It made no sense for him to keep sitting out when he wanted to return to the Cubs all along, knowing that the desire was mutual.

"He was such a leader for this team," Hendricks said. "It’s just amazing things got figured out, and obviously a huge, huge piece of this team. Keeping the core together is going to be so much fun now. …

"There was a little void in here for sure before he came back."

The Cubs, who finished just one game out of a playoff spot last year with their September collapse, now believe they have the missing piece they need to win the NL Central. They hired manager Craig Counsell from the Milwaukee Brewers with a record eight-year, $40 million contract, signed Japanese starter Shota Imanaga to a four-year, $53 million contract, brought in veteran reliever Hector Neris ($9 million), veteran outfielder David Peralta (minor league contract) and traded for infielder Michael Busch.

You know the impact of Bellinger when his arrival can push center fielder Pete Crow-Armstrong back to the minors, and he appeared to be as genuinely thrilled as anyone in the clubhouse.

"It was a great way to wake up," said Crow-Armstrong, who constantly praised Bellinger for being a mentor. "He reaches all aspects of this team and hopefully he brings that same energy this year. I have all of the faith in the world that he will."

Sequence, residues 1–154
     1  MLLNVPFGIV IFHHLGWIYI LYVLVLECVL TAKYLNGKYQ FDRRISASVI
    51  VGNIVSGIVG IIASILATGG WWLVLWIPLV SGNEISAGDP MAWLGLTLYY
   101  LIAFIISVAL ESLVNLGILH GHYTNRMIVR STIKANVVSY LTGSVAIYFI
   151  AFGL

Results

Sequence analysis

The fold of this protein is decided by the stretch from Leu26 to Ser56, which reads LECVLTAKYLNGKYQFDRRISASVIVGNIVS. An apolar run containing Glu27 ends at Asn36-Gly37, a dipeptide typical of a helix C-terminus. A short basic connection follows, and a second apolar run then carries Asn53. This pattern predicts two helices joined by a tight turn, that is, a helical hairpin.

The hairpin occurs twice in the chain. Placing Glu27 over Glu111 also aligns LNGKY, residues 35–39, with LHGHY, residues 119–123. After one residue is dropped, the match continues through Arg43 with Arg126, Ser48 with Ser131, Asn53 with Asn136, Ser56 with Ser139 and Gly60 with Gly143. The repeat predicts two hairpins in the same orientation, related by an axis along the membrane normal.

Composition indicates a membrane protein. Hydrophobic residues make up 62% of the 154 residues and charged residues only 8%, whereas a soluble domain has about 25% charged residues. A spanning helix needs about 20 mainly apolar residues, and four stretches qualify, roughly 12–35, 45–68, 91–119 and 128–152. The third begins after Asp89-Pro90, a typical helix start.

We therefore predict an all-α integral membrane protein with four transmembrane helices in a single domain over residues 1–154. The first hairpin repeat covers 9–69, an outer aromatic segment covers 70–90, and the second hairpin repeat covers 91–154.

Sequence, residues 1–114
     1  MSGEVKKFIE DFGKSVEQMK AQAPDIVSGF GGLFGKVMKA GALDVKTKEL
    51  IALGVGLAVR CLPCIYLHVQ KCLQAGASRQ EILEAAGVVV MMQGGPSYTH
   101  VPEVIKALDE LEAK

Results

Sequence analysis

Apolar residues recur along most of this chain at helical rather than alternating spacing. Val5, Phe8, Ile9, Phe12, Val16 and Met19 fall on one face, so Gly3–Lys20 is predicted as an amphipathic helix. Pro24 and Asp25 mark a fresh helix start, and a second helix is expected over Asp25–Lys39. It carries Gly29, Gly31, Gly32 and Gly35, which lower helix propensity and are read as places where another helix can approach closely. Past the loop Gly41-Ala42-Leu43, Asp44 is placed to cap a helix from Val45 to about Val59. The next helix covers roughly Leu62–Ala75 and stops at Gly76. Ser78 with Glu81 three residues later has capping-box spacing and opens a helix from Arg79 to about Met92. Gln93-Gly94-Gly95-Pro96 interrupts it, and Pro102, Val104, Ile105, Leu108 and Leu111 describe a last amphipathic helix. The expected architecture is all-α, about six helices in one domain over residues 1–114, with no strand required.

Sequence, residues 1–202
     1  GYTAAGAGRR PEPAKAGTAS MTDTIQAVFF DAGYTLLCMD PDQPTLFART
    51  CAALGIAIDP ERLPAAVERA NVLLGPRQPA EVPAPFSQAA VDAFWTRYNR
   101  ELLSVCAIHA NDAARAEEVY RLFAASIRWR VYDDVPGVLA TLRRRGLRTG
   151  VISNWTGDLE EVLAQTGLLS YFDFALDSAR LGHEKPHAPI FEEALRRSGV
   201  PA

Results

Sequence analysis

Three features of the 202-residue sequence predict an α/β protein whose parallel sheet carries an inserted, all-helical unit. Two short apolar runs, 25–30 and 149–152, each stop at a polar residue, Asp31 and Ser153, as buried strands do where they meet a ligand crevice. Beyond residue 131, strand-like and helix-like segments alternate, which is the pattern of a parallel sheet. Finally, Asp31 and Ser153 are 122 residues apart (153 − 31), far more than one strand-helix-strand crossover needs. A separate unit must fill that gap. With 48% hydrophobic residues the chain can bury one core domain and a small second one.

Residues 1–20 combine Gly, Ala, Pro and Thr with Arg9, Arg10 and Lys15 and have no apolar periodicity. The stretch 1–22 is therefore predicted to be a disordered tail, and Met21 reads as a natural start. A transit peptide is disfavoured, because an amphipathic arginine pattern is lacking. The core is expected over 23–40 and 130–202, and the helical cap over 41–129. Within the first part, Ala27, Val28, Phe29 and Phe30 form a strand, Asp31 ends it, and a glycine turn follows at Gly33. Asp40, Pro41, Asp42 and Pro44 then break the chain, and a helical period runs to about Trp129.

The Cubs, who shared hugs with Bellinger all morning before he underwent his physical, said that besides his bat and glove, his cool, calming influence was instrumental in the Cubs’ success. It was rare, they said, to ever see him show his emotions.

"I noticed that he’s never too high, never too low," Crow-Armstrong said. "So being able to manage the good parts of his day, and when the bad ones come, he’s the same dude. Just like when teams start hitting, that’s pretty contagious, too."

Considering the Cubs were able to bring back Bellinger on a bargain price, it allows them to hit the free-agent market again. Starters Jordan Montgomery and Blake Snell are still on the market, along with third baseman Matt Chapman and DH J.D. Martinez.

The Cubs know that Bellinger instantly makes them contenders again for the NL Central title, but why not make another move to make them the favorites?

The Cubs front office isn’t making any promises, but just like with Bellinger, they’ll patiently wait for their price, and if they like what they see, they’ll pounce.

But for now, the Cubs will celebrate getting the man they felt they needed the most if they want to be playing in October.

"It’s nice to keep it going," said shortstop Dansby Swanson, their big free-agent acquisition of a year ago, "but at some point we’ve still go to improve. I feel like this offseason, we’ve taken those steps in a bunch of different ways. …

"Now, it’s just time to make all that work."

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This article originally appeared on USA TODAY: Chicago Cubs thrilled about Cody Bellinger's return after free agency